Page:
Focus on one specific worry or obsession and record it to a tape recorder, laptop, or smartphone.
A healthy, balanced lifestyle plays a big role in keeping OCD behavior, fears, and worry at bay.
While stress doesn’t cause OCD, a stressful event can trigger the onset of obsessive and compulsive behavior, and stress can often make obsessive-compulsive behavior worse.
Start the day right with breakfast, and continue with frequent small meals throughout the day. Going too long without eating leads to low blood sugar, which can make you feel more anxious.
Exercise is a natural and effective anti-anxiety treatment that helps to control OCD symptoms by refocusing your mind when obsessive thoughts and compulsions arise.
Alcohol temporarily reduces anxiety and worry, but it actually causes anxiety symptoms as it wears off. Similarly, while it may seem that cigarettes are calming, nicotine is actually a powerful stimulant. Smoking leads to higher, not lower, levels of anxiety and OCD symptoms.
Not only can anxiety and worry cause insomnia, but a lack of sleep can also exacerbate anxious thoughts and feelings. When you’re well rested, it’s much easier to keep your emotional balance, a key factor in coping with anxiety disorders such as OCD.
Obsessive-compulsive behavior (OCD) can get worse when you feel powerless and alone, so it’s important to build a strong support system. The more connected you are to other people, the less vulnerable you’ll feel. Just talking about your worries and urges can make them seem less threatening.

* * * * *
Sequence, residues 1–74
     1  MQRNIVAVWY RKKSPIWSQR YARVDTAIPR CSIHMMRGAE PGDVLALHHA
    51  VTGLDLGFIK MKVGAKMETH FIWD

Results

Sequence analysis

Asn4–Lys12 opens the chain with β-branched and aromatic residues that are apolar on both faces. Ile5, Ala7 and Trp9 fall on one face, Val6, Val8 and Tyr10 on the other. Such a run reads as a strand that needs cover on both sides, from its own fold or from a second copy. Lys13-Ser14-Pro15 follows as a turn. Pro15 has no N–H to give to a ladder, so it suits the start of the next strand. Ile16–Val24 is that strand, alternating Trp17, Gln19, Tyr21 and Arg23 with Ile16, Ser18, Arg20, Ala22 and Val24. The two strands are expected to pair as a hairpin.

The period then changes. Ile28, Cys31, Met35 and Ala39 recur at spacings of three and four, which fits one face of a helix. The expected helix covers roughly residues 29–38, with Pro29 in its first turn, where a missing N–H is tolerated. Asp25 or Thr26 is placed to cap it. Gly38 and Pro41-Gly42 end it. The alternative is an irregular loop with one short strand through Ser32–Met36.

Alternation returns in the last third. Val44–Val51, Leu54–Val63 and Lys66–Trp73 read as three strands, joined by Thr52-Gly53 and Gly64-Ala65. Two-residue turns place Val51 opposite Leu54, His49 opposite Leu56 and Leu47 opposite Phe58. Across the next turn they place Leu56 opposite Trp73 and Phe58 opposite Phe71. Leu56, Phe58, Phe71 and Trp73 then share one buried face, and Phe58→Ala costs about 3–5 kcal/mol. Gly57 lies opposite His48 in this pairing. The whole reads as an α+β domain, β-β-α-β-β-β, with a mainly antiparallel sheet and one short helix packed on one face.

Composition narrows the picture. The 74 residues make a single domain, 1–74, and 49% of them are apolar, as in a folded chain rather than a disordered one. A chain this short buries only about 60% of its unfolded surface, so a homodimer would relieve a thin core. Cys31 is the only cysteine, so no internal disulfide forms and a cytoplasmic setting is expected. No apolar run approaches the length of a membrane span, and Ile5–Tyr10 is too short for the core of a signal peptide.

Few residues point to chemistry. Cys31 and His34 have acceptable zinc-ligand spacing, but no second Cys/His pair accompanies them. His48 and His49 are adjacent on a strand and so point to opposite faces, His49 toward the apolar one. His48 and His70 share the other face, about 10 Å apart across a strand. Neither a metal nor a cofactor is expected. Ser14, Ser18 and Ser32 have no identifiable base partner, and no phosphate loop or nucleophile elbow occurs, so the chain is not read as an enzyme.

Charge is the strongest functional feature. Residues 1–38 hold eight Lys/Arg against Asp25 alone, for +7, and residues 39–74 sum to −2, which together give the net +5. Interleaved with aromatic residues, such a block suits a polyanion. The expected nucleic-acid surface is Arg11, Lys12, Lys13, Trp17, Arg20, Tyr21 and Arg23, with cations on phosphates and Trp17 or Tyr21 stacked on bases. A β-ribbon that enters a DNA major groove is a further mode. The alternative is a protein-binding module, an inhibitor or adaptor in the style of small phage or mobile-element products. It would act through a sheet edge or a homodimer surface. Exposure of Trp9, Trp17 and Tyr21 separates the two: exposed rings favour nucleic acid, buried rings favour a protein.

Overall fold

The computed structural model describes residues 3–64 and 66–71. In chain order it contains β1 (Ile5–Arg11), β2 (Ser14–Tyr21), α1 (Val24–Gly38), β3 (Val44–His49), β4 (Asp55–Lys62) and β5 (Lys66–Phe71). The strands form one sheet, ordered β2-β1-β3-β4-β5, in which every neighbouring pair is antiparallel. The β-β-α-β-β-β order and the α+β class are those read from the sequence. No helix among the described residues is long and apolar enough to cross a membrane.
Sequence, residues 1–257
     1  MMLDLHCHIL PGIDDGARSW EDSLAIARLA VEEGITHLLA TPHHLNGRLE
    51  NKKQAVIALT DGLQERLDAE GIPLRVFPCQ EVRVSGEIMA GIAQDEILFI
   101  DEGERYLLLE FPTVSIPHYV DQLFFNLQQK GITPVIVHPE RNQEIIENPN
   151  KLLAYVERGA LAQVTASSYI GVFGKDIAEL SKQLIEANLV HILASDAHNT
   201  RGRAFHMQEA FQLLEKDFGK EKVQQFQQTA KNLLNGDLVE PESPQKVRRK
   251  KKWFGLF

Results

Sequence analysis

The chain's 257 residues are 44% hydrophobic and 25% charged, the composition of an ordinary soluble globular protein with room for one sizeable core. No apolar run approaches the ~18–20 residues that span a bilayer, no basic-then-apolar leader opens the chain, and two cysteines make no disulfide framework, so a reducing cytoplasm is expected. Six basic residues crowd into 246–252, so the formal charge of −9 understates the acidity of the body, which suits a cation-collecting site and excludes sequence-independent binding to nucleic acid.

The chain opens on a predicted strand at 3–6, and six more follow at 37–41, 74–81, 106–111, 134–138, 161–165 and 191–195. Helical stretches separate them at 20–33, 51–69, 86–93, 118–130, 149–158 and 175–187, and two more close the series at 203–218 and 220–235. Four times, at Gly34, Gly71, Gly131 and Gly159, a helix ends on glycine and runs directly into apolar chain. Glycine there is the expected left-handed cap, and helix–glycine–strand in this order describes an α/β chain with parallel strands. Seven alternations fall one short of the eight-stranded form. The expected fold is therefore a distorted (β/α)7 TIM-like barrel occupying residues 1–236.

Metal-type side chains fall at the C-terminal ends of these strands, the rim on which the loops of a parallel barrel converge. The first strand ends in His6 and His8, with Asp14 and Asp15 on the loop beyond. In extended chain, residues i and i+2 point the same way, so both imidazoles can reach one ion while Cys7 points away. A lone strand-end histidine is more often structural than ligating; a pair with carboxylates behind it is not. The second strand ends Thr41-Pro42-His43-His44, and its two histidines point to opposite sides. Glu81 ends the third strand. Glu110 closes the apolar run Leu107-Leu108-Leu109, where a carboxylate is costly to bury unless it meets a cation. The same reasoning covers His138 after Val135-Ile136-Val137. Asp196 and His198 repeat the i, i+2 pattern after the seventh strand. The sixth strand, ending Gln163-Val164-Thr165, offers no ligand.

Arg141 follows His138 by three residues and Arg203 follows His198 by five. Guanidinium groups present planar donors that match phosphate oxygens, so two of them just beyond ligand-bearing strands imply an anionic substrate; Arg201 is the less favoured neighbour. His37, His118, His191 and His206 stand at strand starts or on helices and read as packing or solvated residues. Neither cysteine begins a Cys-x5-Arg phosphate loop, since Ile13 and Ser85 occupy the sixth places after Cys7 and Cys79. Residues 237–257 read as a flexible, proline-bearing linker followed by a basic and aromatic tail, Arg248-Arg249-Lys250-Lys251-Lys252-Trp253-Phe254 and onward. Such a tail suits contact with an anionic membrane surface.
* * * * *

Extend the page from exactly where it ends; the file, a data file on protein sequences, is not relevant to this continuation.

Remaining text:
Obsessions and compulsions can consume your life to the point of social isolation. In turn, social isolation can aggravate your OCD symptoms. It’s important to have a network of family and friends you can turn to for help and support. Involving others in your treatment can help guard against setbacks and keep you motivated.
You’re not alone in your struggle with OCD, and participating in a support group can be an effective reminder of that. OCD support groups enable you to both share your own experiences and learn from others who are facing the same problems.
Helping a loved one with obsessive-compulsive disorder (OCD):
If a friend or family member has OCD, your most important job is to educate yourself about the disorder. Share what you’ve learned with your loved one and let them know that there is help available. Simply knowing that OCD is treatable can sometimes provide enough motivation for your loved one to seek help.
The way you react to a loved one’s OCD symptoms can have a big impact.